Return on Capital
by Dale Wettlaufer (TMF Ralegh)
...and Return on Equity
by Dale Wettlaufer (TMF Ralegh)
ALEXANDRIA, VA (Oct. 14, 1998) -- In stating our approach to valuation, I don't think there is anything as important as the premise that economic value is created when a company can generate a higher return on capital than the cost of that capital. Qualifying and quantifying "return on capital" and "cost of capital" are pursuits to which Alex and I have applied ourselves in our columns in the Evening News and in the other work that we've done for the Fool. I suspect that we will spend a good deal of time thinking out loud on these subjects as we go forward with the Boring portfolio, and I know that we'll spend much time with the application of these concepts in qualifying prospective investments and quantifying their values.
At the end of this column, I'll include a number of links to the various columns we've written on return on invested capital, or ROIC. But let's go over some of these concepts right here. The idea behind ROIC is that we want to measure the cash output of a business relative to the cash that we put into it. If a company requires $100 in capital to operate and spits out $3 in cash every year, and forevermore needs $33 in capital to create a dollar in return, then we aren't going to be that interested in that business. And we won't care if the thing is growing at 25% per year, either. We can always put that $100 in highly liquid bonds and get $5 back.
Many investors become familiar with return on equity (ROE) as their first measure of return on capital. ROE measures the net output of an enterprise relative to the capital equity investors put into the company. Depending on the situation, we may use ROE, but as a more general way to measure profitability of capital, we depend upon ROIC. The reason is that return on equity rewards highly leveraged capital structures and indicates a high level of profitability even if a company is only mildly profitable. (Below, I've linked in another series we did on ROE that demonstrates this principle.) When we look at a company, we want to measure how well it rewards investors, regardless of whether those investors are equity investors or lenders.
Say, for instance, a company has an average balance sheet over the course of the year that looks like this:
Assets.............$1,000 Accounts Payable...$400 Debt @10%..........$400 Owners' Equity.....$200
If the company generates net income of $30 and after-tax operating income of $56, its ROE would be 15% (net income divided by owner's equity), which by most standards is pretty good. On a ROIC basis (after-tax operating income divided by invested capital -- which is owners' equity plus debt, or assets minus non-interest bearing short-term liabilities), though, its return on invested capital would be 9.3%. That's sufficient to pay the after-tax cost of its debt, but it barely beats its overall cost of capital of 8.8%. Cost of capital is calculated by multiplying the after-tax cost of each component of capital by its weighting in the company's capital structure.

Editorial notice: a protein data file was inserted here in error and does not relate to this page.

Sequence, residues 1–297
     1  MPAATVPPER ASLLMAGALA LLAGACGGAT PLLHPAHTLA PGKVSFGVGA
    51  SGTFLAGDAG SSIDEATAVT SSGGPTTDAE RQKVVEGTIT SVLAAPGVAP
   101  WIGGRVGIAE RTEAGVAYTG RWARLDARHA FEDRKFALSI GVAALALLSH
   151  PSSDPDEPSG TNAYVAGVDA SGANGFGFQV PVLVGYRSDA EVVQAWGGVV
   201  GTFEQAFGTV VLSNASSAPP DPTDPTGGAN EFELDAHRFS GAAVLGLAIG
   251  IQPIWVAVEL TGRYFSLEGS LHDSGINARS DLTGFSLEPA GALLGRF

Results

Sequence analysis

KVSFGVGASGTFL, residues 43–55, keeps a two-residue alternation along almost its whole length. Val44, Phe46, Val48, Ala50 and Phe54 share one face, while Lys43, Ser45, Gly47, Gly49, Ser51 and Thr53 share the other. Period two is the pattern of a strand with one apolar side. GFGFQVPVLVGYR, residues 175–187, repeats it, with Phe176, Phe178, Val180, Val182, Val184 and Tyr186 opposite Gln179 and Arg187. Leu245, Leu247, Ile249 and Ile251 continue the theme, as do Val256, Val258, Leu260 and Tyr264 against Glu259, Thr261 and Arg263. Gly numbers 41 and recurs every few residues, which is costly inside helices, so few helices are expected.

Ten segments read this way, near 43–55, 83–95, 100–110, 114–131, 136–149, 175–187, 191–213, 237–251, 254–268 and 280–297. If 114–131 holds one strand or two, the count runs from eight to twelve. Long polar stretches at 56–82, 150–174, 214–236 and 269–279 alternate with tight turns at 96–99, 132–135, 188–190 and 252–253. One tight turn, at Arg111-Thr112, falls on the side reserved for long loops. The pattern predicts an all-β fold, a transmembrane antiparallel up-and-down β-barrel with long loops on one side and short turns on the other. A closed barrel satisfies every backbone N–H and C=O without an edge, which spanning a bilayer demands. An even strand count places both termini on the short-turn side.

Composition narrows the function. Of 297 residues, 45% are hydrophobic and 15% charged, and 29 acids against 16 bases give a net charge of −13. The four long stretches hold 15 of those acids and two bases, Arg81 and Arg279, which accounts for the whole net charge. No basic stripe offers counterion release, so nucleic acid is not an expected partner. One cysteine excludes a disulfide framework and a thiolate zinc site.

Assuming this company is selling at two times book value, the company's calculated cost of capital would be:
Debt....6.5% after-tax cost x weighting of 50% = 3.25% at 35% tax rate Equity...11% after-tax cost x weighting of 50% = 5.5%
Adding the two together, the company's weighted average cost of capital (WACC) is 8.75%. Now, this isn't a horrible return on capital and there's nothing wrong with the ROE on the face of things, but the growth rate of the company would play heavily into the price we would pay for this company. If it's a no-growth situation, we wouldn't be highly attracted to the company. We can show this via a discounted cash flow model, which is something we'll work up every time we look at a company, but an easy and accurate shorthand for the yield on our invested capital is available.
Remember that we said the company was selling at twice book value. That works out to a price of $400. Adding the debt to this, we get a current enterprise value of $800. That works out to a 1.33 multiple of enterprise value to invested capital. Dividing the return on invested capital of 9.3% by 1.33 indicates a yield of 6.98%. In a no-growth situation, this isn't sufficient for us to take on this risk, as it's below our cost of capital. Priced at book value, however, and in a no-growth situation, we would be more inclined to look at the company, as the return on the capital we would have to invest in the company would approach a more attractive level.
Going forward we'll refer to this ratio the Boring Ratio. That's for purposes of ease in referring to it. We're not trying to compete with the Cash-King guys, who have their own ratio called the Flow Ratio.
Links to more on ROIC and ROE --
Stock Change Bid ANDW +2 5/16 13.69 CGO - 1/16 25.38 BGP --- 23.75 CSL --- 33.38 CSCO +1 7/16 52.13 FCH - 1/16 19.94 PNR + 3/8 30.88 TBY - 1/8 6.06
Day Month Year History BORING +1.54% -7.69% -21.01% -0.61% S&P: +1.07% -1.13% 3.62% 61.76% NASDAQ: +2.09% -9.03% -1.87% 48.03% Rec'd # Security In At Now Change 6/26/96 225 Cisco Syst 23.96 52.13 117.59% 2/28/96 400 Borders Gr 11.26 23.75 110.99% 8/13/96 200 Carlisle C 26.32 33.38 26.78% 3/5/97 150 Atlas Air 23.06 25.38 10.05% 4/14/98 100 Pentair 43.74 30.88 -29.42% 5/20/98 400 TCBY Enter 10.05 6.06 -39.65% 11/6/97 200 FelCor Sui 37.59 19.94 -46.96% 1/21/98 200 Andrew Cor 26.09 13.69 -47.54% Rec'd # Security In At Value Change 6/26/96 225 Cisco Syst 5389.99 11728.13 $6338.14 2/28/96 400 Borders Gr 4502.49 9500.00 $4997.51 8/13/96 200 Carlisle C 5264.99 6675.00 $1410.01 3/5/97 150 Atlas Air 3458.74 3806.25 $347.51 4/14/98 100 Pentair 4374.25 3087.50 -$1286.75 5/20/98 400 TCBY Enter 4018.00 2425.00 -$1593.00 1/21/98 200 Andrew Cor 5218.00 2737.50 -$2480.50 11/6/97 200 FelCor Sui 7518.00 3987.50 -$3530.50 CASH $5750.59 TOTAL $49697.47